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Featured Story • August 2013 • Mythic Delirium Books

Featured Story • August 2013





Alexandra Seidel


1 Recognition

Scheherazade feels heat blushing her cheeks but with the rain falling heavy and thick and the steel gray sky overhead, the color seems just background noise. She forgot her umbrella, and now she stands on the sidewalk, naked to the rain. All her clothes melt to her skin, and she feels like drowning. Across from her, she sees the man who makes everyone else turn into inconsequential extras, who is like a lighthouse banishing reef and rock from her mind. Shahrayar, she thinks, I know you.

Shahrayar turns, and he stops. They are each caught in the stillness of a snow globe, the world around them turmoil, but between them time stretched paper thin.

Scheherazade thinks of a night—just one single night—broken into a thousand pieces. She realizes her throat has been a knot for a long time, but now, it is finally free, unobstructed.

“Once upon a time, there was a girl who knew the name of all she saw from the moment she saw it . . .” she says, her words barely a whisper.

But Shahrayar hears her.


2 Premonition

Baba hums an ancient melody as she measures the flour, the sugar, as she breaks the eggs. Scheherazade is cleaning and peeling apples at the table, the girl’s dark curls running down over her red sweater, a scarlet scarf around her throat. The scarf blends with the color of apple peels in the bowl in the girl’s lap.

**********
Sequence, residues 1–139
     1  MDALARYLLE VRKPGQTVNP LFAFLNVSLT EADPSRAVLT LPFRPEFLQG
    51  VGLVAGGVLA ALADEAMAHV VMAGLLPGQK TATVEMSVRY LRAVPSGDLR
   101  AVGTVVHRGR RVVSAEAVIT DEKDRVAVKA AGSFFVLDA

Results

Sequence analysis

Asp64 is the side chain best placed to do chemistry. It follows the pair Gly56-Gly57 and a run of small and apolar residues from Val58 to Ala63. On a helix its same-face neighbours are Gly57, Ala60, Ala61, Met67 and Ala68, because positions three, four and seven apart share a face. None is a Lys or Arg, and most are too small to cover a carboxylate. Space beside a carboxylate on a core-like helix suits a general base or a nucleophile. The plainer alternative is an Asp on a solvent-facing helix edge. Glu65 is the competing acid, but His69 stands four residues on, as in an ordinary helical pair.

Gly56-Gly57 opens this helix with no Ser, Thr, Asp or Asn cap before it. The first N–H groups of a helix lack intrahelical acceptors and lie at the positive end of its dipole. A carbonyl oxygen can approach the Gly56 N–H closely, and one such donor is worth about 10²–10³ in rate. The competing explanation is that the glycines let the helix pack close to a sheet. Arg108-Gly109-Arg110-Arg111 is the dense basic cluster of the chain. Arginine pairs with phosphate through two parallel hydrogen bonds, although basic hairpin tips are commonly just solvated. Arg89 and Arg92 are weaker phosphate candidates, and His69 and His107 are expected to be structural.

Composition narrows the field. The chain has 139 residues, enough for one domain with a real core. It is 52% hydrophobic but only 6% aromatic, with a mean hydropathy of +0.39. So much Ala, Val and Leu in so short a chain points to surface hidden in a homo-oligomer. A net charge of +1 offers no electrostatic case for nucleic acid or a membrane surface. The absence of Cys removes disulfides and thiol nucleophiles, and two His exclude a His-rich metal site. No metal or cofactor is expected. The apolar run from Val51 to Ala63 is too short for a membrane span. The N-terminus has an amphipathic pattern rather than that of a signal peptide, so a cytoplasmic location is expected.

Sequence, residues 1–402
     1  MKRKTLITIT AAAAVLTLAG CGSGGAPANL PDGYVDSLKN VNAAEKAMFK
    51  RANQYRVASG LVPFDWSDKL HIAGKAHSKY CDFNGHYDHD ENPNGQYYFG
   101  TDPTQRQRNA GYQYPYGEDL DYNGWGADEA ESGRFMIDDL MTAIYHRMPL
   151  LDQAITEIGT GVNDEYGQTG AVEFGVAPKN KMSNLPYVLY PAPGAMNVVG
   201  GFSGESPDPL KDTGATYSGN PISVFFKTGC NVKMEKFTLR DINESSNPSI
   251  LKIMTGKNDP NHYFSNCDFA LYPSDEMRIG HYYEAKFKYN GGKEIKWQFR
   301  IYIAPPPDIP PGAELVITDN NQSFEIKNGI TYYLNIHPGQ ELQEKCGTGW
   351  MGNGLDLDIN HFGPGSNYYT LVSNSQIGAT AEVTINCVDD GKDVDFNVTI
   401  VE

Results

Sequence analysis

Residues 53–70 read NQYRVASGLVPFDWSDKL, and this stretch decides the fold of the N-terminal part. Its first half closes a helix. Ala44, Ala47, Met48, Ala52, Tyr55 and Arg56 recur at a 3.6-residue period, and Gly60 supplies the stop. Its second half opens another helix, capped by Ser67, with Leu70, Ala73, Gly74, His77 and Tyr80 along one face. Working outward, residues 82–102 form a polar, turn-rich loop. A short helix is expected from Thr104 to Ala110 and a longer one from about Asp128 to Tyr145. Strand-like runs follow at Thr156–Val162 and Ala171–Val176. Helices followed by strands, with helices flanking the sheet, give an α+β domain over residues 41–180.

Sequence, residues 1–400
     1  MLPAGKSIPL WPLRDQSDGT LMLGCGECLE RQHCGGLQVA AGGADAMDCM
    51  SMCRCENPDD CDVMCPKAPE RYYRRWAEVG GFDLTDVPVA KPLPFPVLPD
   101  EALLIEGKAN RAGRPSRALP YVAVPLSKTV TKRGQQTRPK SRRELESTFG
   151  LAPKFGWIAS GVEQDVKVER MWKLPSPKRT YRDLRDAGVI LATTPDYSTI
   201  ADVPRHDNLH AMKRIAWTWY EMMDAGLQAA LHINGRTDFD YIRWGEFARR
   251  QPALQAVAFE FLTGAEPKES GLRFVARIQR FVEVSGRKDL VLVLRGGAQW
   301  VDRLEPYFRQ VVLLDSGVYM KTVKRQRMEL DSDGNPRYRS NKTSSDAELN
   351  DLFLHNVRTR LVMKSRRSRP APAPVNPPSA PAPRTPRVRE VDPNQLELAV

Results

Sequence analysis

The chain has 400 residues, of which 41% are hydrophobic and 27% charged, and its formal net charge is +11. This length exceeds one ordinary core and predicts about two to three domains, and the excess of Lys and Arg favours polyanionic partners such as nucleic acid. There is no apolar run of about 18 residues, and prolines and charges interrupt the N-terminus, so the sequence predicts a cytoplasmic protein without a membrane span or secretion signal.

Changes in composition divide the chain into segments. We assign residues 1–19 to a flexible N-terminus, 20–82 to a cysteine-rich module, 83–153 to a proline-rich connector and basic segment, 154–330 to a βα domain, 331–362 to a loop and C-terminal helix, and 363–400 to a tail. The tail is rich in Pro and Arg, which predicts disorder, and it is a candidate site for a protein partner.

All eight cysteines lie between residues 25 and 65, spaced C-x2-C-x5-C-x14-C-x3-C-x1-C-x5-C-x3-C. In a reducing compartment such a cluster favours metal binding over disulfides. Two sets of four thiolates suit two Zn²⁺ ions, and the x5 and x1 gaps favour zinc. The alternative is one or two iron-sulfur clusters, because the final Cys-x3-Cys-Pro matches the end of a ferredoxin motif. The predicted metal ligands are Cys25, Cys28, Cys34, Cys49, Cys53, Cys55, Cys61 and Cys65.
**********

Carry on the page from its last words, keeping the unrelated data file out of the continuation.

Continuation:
There has not been a day when Baba has known her grandchild to be that silent and without a tale to tell. The old woman’s melody pushes to minors. Not a day with this forlorn look on her face, not a day when she was here, but wasn’t.

“Once upon a time, there was a girl who would visit her grandmother each and every day, sheathed in a scarf that the grandmother had made for her, a scarf she had made only for her,” Baba whispers, melody forgotten.

She takes another egg, cracks it, and lets the contents drop in the mixing bowl only to discover that it’s all bloody inside. The cake is ruined, she thinks, her wrinkles deepening.

At the table, Scheherazade utters a short screech. The girl has cut herself with the kitchen knife, three drops falling from her finger and on the peeled white apples.

Ruined, Baba thinks.


3 Suspicion

Selene runs a hand over her belly, a habit already though it is still early. Shahrayar reads the paper across from her, but his eyes are not moving with the words. The mug of coffee in front of him has grown cold.

Inside her, something twists.

“Once upon a time, there was a girl, and all around her, there was glass,” Selene whispers.

Her eyes on fire she rises, knocking over the cold coffee. The dark brown liquid spills over the table, over Shahrayar’s white shirt, and she knows that it will stain. He has dropped the newspaper, stares at her wide-eyed as if he had forgotten she was even there to begin with.

“Look at me, Shahrayar!” she says, one hand on her belly. But his eyes are marbles of glass, as if a coffin lid had been shut over them.

Shahrayar no longer sees her, she realizes.


4 Rubicon

Behind the receptionist’s desk, Binnoire is busy tuning her guitar. She used to play the harp once, but harps are so sad, and she has found that the sadness of a guitar is lighter, easier for her to bear.